Obama will send 3,000 troops to Africa to fight Ebola

President Obama announced on Tuesday that he would send 3,000 military personnel to West Africa in an attempt to get the Ebola outbreak under control.

The president, who made the announcement at the Centers for Disease Control in Atlanta, stressed that Americans would not be responsible for direct patient care, but rather organize and facilitate the response to the crisis that has now claimed almost 2500 lives.


"The reality is that this epidemic is going to get worse before it gets better," Obama said at the Atlanta headquarters of the U.S. Centers for Disease Control and Prevention (CDC).

"But, right now, the world still has an opportunity to save countless lives. Right now, the world has the responsibility to act, to step up and to do more. The United States of America intends to do more," he added.

The U.S. plan, a dramatic expansion of Washington's initial response last week, won praise from the U.N. World Health Organization, aid workers and officials in West Africa. Experts said it was still not enough to contain the epidemic, which is rapidly spreading and has caused already-weak local public health systems to buckle under the strain of fighting it.

U.S. officials said the focus of the military deployment would be Liberia, a nation founded by freed American slaves that is the hardest hit of the countries affected by the crisis.

Obama's plan calls for sending 3,000 troops, including engineers and medical personnel; establishing a regional command and control center in Liberia's capital, Monrovia, commanded by Major General Darryl Williams, who arrived there on Tuesday; and forming a staging area in Senegal to help distribute personnel and aid on the ground.

It also calls for building 17 treatment centers with 100 beds each; placing U.S. Public Health Service personnel in new field hospitals in Liberia; training thousands of healthcare workers for six months or longer; and creating an "air bridge" to get health workers and medical supplies into West Africa more quickly.

The worst Ebola outbreak since the disease was identified in 1976 has already killed nearly 2,500 people and is threatening to spread elsewhere in Africa.

Obama said "the world is looking to us" to take the lead against Ebola, but urged other nations also to take action because the epidemic is "spiraling out of control" and "people are literally dying in the streets."

I don't think it matters much if US personnel treat infected patients or not. They are going to be at much greater risk than if they were at home. The operation will also take $500 million out of the defense budget at the time we are ramping up for fight ISIS.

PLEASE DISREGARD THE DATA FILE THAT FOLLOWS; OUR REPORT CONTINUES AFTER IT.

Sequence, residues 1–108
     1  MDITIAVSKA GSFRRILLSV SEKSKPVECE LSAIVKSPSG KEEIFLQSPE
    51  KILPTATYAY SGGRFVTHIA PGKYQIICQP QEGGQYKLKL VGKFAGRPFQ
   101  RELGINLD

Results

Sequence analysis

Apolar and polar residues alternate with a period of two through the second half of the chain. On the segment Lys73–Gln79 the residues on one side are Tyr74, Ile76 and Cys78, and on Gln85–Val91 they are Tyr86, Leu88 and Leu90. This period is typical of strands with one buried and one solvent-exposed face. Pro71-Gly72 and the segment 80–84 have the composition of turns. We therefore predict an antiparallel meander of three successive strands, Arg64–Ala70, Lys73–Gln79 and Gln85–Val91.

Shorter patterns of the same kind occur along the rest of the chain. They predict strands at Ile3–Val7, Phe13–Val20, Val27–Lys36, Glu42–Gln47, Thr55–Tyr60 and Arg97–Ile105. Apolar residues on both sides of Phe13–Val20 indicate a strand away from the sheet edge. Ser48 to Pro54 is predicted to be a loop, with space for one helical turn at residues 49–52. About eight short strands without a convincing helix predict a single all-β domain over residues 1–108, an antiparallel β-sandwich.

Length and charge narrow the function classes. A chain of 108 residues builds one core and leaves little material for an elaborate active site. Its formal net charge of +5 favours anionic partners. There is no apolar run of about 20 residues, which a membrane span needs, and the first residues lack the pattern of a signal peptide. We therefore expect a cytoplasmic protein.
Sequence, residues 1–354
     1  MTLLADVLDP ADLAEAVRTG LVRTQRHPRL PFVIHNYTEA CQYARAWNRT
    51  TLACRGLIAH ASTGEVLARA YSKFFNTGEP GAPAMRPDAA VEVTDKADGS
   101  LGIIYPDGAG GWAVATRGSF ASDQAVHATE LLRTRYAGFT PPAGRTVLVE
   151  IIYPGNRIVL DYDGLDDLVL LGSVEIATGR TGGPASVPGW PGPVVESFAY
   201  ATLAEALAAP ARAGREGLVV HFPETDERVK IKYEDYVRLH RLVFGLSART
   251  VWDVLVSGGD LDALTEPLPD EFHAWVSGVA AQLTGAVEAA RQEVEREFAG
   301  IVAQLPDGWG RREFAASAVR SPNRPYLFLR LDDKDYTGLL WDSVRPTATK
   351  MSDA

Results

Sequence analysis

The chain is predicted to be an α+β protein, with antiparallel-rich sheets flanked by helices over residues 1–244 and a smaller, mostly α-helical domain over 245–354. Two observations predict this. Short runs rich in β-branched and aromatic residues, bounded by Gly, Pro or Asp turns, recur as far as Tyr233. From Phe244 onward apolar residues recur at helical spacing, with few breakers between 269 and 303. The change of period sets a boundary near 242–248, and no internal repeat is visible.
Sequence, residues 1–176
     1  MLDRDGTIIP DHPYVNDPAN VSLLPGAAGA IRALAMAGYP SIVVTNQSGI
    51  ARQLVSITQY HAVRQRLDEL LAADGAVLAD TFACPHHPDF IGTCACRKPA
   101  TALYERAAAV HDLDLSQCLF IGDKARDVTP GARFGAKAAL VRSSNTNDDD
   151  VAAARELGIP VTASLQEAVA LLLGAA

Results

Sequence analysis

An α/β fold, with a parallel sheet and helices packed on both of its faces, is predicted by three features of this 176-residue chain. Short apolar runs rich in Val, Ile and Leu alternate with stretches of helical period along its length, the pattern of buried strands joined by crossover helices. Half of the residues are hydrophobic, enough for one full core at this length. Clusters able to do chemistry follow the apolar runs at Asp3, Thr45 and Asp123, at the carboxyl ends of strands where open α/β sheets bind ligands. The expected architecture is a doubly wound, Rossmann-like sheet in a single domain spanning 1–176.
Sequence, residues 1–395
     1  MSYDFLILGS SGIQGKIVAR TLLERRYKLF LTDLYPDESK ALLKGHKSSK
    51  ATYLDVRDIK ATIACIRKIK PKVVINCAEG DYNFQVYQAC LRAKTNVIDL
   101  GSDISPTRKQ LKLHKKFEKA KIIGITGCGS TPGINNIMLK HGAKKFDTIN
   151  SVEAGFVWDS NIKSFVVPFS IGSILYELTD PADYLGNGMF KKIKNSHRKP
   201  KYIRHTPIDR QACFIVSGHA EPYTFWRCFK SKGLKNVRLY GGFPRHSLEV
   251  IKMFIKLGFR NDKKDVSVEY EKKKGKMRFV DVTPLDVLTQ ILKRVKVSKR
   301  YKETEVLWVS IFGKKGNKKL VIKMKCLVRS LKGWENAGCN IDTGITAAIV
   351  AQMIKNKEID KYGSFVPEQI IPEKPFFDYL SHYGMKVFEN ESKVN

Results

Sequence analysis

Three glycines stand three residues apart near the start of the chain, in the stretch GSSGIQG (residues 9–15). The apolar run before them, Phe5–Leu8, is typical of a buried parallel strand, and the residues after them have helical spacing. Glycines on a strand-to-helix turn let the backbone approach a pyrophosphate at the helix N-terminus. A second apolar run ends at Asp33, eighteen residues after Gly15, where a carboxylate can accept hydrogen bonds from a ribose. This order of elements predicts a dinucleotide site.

The world may whine and complain about the US being arrogant, overbearing, and hateful. But when a major crisis threatens, the rest of the world doesn't call France or Russia. Wherever and whenever disaster strikes, the appeal for help goes to America because they know we won't refuse and because we have the best miltary in the world to respond to any crisis.

This Ebola outbreak could have been contained by any reasonably competent government if authorities had acted swiftly and deciisvely. But the corrupt governments of West Africa weren't up to the challenge and the WHO, which wasn't created to handle such a massive outbreak of disease, was ill-prepared.

The president is correct in his analysis:

Obama said that if the outbreak is not stopped now, hundreds of thousands of people may become infected, "with profound political and economic and security implications for all of us."

"This is an epidemic that is not just a threat to regional security. It’s a potential threat to global security, if these countries break down, if their economies break down, if people panic. That has profound effects on all of us, even if we are not directly contracting the disease," Obama added.

Like it or not, we need the strategic metals that Africa supplies and our sizable exports to the continent would be at risk if the virus got loose in the rest of Africa. The collapse of several economies in Africa would almost certainly trigger a global financial crisis as well as a recession. This is a relatively small investment to make to protect us from the worst case scenario.